American Journal of Respiratory and Critical Care Medicine

To the Editor:

Pseudomonas aeruginosa is a frequent causative agent of ventilator-associated pneumonia with high attributable mortality (∼13%), which may double in patients with multidrug-resistant infection (1).

Bacteriophage therapy was first used as antibacterial therapy in the early 1900s (2). Losing favor in the West with the advent of antibiotics, bacteriophage therapy remained in use in the former Eastern Bloc, and interest in its therapeutic potential has been renewed with the development of increasing antimicrobial resistance globally. Obligately lytic bacteriophages are viruses that destroy specific bacterial cells and are not regarded as harmful to humans, but clinical information regarding their safety and efficacy as therapy remains limited (3). Although there are reports of successful use of antipseudomonal bacteriophage therapy in mouse models of lung disease (46) and in in vitro or ex vivo models of respiratory tract infection (7, 8), there are few data regarding use in vivo (9).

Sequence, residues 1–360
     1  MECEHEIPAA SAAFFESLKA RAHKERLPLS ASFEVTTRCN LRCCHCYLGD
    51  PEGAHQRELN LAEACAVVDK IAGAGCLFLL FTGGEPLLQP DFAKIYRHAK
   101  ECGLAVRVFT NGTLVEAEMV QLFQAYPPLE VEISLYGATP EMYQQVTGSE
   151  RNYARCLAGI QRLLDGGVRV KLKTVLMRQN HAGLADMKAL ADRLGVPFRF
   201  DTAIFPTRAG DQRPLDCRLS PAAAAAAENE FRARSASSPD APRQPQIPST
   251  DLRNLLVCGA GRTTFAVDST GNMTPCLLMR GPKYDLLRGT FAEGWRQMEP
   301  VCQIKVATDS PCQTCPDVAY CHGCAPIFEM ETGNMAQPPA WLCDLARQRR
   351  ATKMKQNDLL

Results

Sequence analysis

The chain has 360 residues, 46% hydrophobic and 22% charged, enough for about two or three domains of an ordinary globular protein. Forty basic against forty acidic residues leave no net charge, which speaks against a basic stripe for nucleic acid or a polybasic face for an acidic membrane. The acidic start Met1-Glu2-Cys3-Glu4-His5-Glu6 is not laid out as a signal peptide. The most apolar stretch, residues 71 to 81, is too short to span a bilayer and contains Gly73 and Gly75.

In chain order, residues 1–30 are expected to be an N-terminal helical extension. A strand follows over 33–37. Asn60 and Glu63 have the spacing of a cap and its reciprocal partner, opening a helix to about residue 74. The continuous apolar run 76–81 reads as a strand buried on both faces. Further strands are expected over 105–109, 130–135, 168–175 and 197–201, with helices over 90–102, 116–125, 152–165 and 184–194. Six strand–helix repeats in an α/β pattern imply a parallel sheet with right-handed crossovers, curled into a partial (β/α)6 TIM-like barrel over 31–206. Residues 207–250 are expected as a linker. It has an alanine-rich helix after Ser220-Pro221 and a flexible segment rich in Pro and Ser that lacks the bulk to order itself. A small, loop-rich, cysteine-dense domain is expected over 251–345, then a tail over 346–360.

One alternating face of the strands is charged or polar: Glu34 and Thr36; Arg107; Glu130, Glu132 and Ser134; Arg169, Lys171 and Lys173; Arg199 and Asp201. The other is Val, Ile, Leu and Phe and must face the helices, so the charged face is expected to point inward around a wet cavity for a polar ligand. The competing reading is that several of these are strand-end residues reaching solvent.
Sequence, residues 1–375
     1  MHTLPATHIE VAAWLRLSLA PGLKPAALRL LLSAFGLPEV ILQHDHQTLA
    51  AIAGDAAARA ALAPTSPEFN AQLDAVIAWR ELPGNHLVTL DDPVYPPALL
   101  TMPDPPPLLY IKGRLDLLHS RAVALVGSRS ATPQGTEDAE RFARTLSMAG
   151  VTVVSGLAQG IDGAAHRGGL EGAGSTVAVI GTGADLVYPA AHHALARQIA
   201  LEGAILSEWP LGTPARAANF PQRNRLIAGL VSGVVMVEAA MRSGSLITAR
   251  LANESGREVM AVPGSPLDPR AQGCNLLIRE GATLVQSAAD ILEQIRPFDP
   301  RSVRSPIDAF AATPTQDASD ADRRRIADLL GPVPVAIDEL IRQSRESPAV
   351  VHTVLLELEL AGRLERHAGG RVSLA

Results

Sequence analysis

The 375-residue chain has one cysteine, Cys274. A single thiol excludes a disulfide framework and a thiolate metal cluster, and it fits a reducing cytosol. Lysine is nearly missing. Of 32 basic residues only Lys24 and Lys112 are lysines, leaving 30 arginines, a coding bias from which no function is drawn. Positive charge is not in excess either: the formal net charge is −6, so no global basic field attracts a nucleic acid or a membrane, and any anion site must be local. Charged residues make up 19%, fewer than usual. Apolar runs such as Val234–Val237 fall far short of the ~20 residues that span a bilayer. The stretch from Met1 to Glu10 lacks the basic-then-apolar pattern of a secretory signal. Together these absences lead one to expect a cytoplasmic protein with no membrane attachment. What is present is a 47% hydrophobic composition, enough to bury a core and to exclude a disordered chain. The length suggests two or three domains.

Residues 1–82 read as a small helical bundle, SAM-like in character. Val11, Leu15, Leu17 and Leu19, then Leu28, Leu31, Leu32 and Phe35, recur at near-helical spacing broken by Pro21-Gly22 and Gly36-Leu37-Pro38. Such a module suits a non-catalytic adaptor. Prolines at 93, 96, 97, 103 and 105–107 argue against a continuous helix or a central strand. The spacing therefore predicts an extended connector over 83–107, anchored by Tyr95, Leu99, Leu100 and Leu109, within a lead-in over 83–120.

Case Report

A 77-year-old woman underwent a right posterolateral mini-thoracotomy for resection of a right lower lobe adenocarcinoma with mediastinal node sampling.

Her past medical history was significant for a 60 pack-year smoking history and hypersensitivity reactions to multiple antibiotics (penicillins, cephalosporins, trimethoprim-sulfamethoxazole, and macrolides).

Tumor excision was macroscopically complete, and an intercostal catheter (ICC) with underwater seal was left in situ. On the second postoperative day, the patient had an elevated white cell count (18.1 × 109/L) and C-reactive protein (263 mg/L) and developed severe pleuritic chest pain. Increasing respiratory distress and drowsiness (Glasgow Coma Score of 9) on Day 3 required intubation, and >1.5 L of stomach contents were aspirated via an orogastric tube. A chest X-ray (CXR) showed collapse/consolidation in the right lower lobe, and the patient was commenced on intravenous moxifloxacin and metronidazole for presumed aspiration pneumonia. A procalcitonin level of 25.7 μg/ml and acute kidney injury (nadir estimated glomerular filtration rate, 32 ml/min/1.73 m2) were noted.